A book sale - red in tooth and claw
By Walter Bowne Recently, more than 100 booklovers crammed into the Gloucester County Library in Mullica Hill - an oasis of tranquillity and civility. It was the opening of the library's book sale.
By Walter Bowne
Recently, more than 100 booklovers crammed into the Gloucester County Library in Mullica Hill - an oasis of tranquillity and civility. It was the opening of the library's book sale.
Most of us were there to buy a few used books - but then, there were the Others.
I warn you: Book sales can be mean. They are an unhealthy blend of Norman Rockwell and capitalism. Arrive early and you can witness the sideshow: the wrinkle-shirted book dealers with their dollies and empty cardboard boxes.
In a steady, warm July drizzle, the dealers rushed the outside tent. Five minutes later, one of the usually friendly volunteers stormed in, saying, "It's not officially open yet! What's wrong with you people?"
No one answered.
"Cheap books!" I said, cheerfully. "Give the people want they want!"
Inside, the vultures ravaged the tables to stock their online stores or used bookstores. They had roaming goons, too, minions separating the Hemingways from the Harlequins. Eyes and hands never moved so fast. They filled up cardboard boxes faster than a ShopRite checkout boy on Red Bull.
For fun, observers should move slowly through these sales, as motorists do to thwart tailgaters. At least speeders won't knock you in the bumper like one dealer with her box that kept poking my wife, who was just like most of us - simply looking for a few good books. Dealers, however, who simply want 1,000 good books, act as if we're interrupting their eBay businesses.
One thinning-haired man with a scruffy beard and wrinkled shorts was yelling obscenities as he flung empty boxes. One smacked a guy as he entered. "I'm trying to work here!" the dealer snarled. "Someone took my damn books! This is insane!"
Everyone froze - except the other dealers, who knew that it was an excellent time to snatch more books. The crazed man accused the elderly volunteers of incompetence. It was excellent entertainment.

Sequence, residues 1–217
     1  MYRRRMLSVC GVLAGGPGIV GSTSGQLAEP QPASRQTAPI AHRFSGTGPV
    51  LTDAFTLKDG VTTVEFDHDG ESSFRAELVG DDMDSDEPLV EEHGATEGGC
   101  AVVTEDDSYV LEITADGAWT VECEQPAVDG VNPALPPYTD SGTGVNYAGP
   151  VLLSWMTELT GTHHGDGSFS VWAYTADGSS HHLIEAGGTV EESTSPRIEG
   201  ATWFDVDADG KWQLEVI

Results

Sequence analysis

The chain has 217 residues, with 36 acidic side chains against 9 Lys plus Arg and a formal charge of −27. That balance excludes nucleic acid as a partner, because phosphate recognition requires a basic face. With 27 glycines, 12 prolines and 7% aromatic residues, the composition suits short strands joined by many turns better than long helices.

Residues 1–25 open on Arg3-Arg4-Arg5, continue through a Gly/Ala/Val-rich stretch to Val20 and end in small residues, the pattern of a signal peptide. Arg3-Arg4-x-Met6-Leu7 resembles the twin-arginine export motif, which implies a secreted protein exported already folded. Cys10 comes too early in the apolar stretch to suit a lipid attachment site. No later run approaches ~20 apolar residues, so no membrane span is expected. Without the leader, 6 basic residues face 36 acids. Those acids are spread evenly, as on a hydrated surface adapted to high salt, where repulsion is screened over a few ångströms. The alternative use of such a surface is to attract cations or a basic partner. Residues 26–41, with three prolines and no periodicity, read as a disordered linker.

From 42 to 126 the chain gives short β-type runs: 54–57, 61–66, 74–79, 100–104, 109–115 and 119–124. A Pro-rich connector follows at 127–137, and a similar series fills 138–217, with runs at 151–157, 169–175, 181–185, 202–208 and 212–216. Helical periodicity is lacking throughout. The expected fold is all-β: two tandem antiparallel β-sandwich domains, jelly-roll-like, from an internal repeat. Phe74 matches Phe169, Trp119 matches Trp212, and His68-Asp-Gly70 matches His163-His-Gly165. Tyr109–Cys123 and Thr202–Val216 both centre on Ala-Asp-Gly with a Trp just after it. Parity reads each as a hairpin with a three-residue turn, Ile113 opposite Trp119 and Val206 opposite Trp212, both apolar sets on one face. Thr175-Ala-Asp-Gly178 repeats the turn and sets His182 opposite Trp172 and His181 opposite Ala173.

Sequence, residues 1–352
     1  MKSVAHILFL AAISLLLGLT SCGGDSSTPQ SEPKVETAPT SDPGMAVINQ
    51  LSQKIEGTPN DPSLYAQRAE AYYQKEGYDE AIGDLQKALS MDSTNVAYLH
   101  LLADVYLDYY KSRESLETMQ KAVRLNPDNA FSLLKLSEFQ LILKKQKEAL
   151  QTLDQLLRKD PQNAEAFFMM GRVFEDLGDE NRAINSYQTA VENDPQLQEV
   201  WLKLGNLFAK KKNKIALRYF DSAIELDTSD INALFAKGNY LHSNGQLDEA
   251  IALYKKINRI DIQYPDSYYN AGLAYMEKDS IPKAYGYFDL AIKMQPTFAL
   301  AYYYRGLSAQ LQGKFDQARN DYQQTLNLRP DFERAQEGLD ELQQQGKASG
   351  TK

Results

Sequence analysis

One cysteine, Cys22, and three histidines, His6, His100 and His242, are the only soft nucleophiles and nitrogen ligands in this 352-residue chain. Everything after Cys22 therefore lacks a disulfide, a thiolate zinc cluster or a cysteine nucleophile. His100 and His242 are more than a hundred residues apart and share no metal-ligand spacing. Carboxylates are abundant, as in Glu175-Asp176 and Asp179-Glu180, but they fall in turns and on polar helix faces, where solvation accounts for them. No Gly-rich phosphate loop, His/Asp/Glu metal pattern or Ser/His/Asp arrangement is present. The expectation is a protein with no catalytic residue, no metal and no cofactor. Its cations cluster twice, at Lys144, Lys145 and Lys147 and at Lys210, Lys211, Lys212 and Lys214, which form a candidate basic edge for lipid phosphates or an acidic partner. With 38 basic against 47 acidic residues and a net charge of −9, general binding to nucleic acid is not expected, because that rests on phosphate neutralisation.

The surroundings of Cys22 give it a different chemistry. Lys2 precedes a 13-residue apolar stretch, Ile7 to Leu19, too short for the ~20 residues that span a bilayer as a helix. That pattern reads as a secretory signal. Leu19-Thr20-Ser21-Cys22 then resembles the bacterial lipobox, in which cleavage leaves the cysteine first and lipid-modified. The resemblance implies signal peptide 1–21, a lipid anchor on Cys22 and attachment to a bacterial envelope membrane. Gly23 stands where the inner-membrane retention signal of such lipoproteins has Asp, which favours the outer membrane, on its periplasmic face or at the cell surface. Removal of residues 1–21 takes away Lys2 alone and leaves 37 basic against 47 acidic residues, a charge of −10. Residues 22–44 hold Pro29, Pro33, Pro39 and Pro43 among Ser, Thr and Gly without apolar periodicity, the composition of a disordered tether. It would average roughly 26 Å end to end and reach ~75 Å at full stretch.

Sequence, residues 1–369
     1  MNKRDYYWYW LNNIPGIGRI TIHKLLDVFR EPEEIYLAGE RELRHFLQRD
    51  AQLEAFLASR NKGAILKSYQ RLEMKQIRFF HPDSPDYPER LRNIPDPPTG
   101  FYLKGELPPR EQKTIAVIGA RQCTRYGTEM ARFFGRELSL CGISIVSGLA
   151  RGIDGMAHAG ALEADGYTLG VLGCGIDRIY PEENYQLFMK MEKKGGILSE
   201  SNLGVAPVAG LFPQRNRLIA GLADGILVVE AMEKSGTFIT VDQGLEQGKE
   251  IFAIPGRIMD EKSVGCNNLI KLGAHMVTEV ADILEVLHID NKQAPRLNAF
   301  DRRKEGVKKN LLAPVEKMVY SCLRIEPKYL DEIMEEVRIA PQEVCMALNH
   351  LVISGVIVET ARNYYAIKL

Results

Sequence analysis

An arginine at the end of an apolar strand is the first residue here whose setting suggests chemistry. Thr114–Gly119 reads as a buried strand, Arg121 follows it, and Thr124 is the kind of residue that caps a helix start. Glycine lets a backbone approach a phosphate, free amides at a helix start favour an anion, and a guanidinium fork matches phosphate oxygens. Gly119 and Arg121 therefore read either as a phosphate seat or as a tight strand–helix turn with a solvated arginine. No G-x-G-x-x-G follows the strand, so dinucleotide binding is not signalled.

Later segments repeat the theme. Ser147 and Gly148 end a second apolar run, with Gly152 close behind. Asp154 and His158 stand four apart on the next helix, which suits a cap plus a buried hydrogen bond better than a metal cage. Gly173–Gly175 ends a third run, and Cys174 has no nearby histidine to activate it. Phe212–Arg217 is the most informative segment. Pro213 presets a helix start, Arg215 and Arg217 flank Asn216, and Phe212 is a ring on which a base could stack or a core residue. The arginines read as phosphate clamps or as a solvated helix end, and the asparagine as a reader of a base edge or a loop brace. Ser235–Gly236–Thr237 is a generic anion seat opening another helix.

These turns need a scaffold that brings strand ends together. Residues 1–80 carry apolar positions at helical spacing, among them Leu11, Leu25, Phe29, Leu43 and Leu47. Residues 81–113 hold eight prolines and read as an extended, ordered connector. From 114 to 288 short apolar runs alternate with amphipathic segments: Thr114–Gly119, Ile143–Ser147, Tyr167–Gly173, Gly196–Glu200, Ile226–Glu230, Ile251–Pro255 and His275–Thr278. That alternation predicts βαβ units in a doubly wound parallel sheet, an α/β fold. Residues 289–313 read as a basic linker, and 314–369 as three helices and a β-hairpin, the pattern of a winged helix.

One of the volunteers told the enraged dealer he would have to leave if he didn't calm down. "We have women and children present!" he said, even threatening to call the police.
Later, I heard another bookseller reprimand a rummaging citizen: "That's my box! It's marked! Those are not for sale!" His unmarked box was filled with Mencken's American Language, Voltaire's Candide, and Pasternak's Dr. Zhivago.
When the thinning-haired dealer wasn't looking, I flipped a couple of cheesy-looking mystery books into his box - like tossing Spam into a vegetarian's shopping cart.
"Take that!" I cried to myself. "Power to the proletariat!" A little retaliation worth a private giggle.
King Solomon couldn't have resolved the conflict when two dealers spied a vintage edition of Joseph Heller's Catch-22.
Book sales are no places for children.In the kids section, the build-the-home-library Super Moms squeezed my two daughters out from the table. One accused me of swiping an Arthur book from her line of sight. I backed away slowly, protecting my two daughters.
"It's worth 25 cents," I conceded. "You may have it."
"Why is everyone so crazy?" my 7-year-old, Madeline, asked.
"Greed, sweetie, greed."
That's when I said we should go home and hear one of Daddy's scary stories.
"The one where the witch makes a ladder out of kids' bones?" my younger daughter, Nancy, asked.
"No, one even scarier. Once upon a time, there was this book dealer . . ."